“The snake that cannot change its skin is doomed to die. Even the minds that are prevented from changing their opinions, cease to be minds.” Friedrich Nietzsche

What is circular economy?

We refer here to the definitions and official documents of the European institutions.

The circular economy is a model of production and consumption that involves sharing, lending, reusing, repairing, reconditioning and recycling of existing materials and products for as long as possible. This extends the life cycle of products, helping to minimise waste. Once the product has completed its function, the materials of which it is made from are in fact reintroduced into the economic cycle wherever possible. In this way they can be continuously reused within the production cycle, generating additional value.

The principles of circular economy contrast with the traditional linear economic model, based instead on the typical “extract, produce, use and throw away” scheme. The traditional economic model depends on the availability of large quantities of easily available and cheap materials and energy.

The European Parliament also demands that measures be taken against planned product obsolescence, which is a strategy inherent in the linear economic model.

Why is the transition to a circular economy necessary?

We are facing an increase in demand for raw materials and at the same time a scarcity of resources: many of the raw materials and resources essential to the economy are limited, but the world population continues to grow and consequently the demand for these finite resources also increases.

This need for raw materials creates a dependency on other countries: some EU Member States are dependent on other countries for their supply.

We must not forget the impact on the climate: the processes of extraction and use of raw materials have a great impact on the environment and increase energy consumption and carbon dioxide (CO2) emissions. A more rational use of raw materials can help to reduce CO2 emissions.

What are the benefits?

Through measures such as waste prevention, eco-design and re-use of materials, European companies would achieve net savings of €600 billion or 8% of annual turnover, while reducing total annual greenhouse gas emissions by 2-4%.

The transition to a more circular economy can bring many benefits, including:

  • Reduction of pressure on the environment
  • More security about the availability of raw materials
  • Increased competitiveness
  • Impetus for innovation and economic growth
  • Increased employment – it is estimated that there will be 580,000 new jobs in the EU thanks to the circular economy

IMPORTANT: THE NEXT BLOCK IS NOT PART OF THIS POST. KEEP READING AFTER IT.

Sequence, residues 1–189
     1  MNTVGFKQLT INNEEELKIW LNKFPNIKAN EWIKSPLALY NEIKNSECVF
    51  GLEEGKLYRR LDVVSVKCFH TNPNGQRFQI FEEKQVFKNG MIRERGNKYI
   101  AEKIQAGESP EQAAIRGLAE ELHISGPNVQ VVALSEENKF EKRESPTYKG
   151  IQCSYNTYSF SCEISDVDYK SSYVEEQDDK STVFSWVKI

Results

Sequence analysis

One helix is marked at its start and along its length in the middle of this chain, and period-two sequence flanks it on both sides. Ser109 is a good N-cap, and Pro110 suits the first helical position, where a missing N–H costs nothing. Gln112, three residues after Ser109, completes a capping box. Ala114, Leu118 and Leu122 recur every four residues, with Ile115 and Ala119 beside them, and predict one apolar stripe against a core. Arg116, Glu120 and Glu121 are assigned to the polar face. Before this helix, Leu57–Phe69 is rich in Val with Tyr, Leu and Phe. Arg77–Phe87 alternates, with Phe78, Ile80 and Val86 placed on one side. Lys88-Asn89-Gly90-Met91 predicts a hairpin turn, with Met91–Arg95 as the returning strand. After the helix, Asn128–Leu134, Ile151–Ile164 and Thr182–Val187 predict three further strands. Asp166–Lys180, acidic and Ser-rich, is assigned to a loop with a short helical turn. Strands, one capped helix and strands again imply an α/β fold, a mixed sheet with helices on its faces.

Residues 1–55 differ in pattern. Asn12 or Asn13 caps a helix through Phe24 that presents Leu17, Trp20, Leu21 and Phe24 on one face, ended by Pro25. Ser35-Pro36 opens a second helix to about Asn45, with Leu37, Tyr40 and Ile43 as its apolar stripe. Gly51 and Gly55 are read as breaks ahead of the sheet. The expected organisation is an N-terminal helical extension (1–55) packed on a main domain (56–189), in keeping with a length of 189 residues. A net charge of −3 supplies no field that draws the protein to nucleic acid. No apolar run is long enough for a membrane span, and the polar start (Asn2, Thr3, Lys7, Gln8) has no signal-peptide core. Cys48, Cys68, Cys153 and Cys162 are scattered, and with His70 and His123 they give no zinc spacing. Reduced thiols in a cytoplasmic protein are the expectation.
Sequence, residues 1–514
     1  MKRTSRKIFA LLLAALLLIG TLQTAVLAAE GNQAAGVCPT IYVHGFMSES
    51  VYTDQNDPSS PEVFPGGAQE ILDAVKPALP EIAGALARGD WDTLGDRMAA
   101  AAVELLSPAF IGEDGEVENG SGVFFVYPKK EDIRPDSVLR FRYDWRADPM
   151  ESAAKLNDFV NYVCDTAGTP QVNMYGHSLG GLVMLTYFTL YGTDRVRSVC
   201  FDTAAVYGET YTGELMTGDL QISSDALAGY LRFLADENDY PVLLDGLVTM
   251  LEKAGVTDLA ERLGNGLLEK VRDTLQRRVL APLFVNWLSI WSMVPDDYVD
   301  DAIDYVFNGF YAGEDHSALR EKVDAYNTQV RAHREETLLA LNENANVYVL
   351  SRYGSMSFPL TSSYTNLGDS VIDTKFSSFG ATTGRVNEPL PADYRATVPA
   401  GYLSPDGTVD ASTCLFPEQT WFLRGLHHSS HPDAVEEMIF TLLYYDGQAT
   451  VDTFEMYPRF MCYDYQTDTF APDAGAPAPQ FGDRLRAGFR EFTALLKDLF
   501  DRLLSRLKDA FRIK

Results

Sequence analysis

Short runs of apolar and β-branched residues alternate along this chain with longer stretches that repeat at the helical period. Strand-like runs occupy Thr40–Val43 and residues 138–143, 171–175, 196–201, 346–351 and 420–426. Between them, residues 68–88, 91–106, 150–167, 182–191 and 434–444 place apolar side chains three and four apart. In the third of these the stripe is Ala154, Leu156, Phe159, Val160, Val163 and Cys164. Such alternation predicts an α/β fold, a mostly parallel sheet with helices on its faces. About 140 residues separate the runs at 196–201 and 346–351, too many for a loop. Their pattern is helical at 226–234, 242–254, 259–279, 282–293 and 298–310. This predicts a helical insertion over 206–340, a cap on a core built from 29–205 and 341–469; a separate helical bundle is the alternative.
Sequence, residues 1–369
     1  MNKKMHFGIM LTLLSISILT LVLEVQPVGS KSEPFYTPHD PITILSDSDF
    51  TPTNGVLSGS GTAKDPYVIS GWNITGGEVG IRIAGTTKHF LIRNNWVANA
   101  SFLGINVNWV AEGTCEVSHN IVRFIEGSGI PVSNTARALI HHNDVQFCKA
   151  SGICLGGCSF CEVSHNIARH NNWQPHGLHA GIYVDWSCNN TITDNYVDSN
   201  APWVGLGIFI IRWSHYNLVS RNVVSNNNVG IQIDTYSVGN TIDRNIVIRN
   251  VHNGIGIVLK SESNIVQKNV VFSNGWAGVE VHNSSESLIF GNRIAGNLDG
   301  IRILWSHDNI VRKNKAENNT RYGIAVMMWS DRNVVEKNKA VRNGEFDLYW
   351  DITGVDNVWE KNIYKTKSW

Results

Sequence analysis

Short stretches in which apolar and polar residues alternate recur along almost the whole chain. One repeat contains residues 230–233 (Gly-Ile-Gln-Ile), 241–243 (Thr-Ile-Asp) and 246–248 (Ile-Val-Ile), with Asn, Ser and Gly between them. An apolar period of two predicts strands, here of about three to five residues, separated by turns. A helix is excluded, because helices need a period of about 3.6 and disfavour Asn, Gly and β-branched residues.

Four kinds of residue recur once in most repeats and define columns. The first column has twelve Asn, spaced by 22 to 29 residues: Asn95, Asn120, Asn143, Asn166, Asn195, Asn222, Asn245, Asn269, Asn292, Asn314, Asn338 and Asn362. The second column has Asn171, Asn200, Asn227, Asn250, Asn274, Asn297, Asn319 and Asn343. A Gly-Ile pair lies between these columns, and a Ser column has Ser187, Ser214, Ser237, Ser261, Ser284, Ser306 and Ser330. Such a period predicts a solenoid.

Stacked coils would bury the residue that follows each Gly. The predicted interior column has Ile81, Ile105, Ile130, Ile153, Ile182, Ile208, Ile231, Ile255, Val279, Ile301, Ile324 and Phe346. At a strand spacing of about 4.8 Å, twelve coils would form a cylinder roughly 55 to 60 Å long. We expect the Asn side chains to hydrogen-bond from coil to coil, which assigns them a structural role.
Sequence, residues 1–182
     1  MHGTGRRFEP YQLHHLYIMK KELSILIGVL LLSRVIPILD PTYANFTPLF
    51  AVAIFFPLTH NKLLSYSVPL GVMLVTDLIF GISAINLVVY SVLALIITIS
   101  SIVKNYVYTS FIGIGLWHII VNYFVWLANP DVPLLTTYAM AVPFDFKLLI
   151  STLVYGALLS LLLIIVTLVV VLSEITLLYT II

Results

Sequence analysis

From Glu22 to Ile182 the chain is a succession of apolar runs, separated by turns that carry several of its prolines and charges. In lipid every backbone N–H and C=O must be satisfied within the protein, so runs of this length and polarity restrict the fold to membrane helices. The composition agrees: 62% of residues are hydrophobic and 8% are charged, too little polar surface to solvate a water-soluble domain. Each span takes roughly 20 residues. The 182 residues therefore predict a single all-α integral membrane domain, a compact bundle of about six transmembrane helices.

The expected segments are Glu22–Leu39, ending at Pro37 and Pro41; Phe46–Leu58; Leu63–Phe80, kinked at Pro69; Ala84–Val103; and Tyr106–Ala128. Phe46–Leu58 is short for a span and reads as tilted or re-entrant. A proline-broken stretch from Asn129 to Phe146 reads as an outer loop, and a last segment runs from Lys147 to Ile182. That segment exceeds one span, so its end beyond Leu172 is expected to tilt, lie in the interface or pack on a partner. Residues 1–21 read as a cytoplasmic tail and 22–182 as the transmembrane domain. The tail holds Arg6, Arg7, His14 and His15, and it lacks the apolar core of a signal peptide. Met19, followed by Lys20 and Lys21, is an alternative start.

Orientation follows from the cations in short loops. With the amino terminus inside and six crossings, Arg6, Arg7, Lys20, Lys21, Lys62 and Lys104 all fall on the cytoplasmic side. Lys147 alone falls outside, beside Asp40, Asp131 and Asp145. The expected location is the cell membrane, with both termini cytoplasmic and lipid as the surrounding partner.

With the circular economy, consumers will also have more durable and innovative products that save money and improve their quality of life. For example, reconditioning light commercial vehicles instead of recycling them could lead to material savings of €6.4 billion per year (around 15% of material costs) and €140 million in energy costs, reducing greenhouse gas emissions by 6.3 million tonnes.

The new business models of the circular economy

Circular business models are the key to making companies and non-profit organizations (charities) the protagonists of a sustainable future. We offer four best-known circular business models:

  • Product as a service: Through the product as a service model, customers use the products through a lease or payment agreement compared to the traditional buy-to-own approach. This model is interesting for companies that have high operating costs and the ability to manage the maintenance of that service and recover residual value at the end of its life.
  • Life-extension: The product life extension model helps companies extend the life cycle of their products by mainly improving product quality. By extending the product life cycle as long as possible, companies can keep materials out of landfills and discover new sources of income.
  • Upcycling: The resource recovery business model takes advantage of technological innovations and capabilities to recover material losses, reworking them to maximize economic value.
  • Shared Platform: The sharing platform model focuses on sharing products and resources with a low ownership or usage rate. Companies that leverage this model can maximize the use of the products they sell, improve productivity and value creation.
  • Circular supplies: The business model of circular supplies is particularly relevant for companies dealing with scarce goods, where scarce resources are replaced by fully renewable, recyclable or biodegradable resource inputs.

Per saperne di più sull’economia circolare


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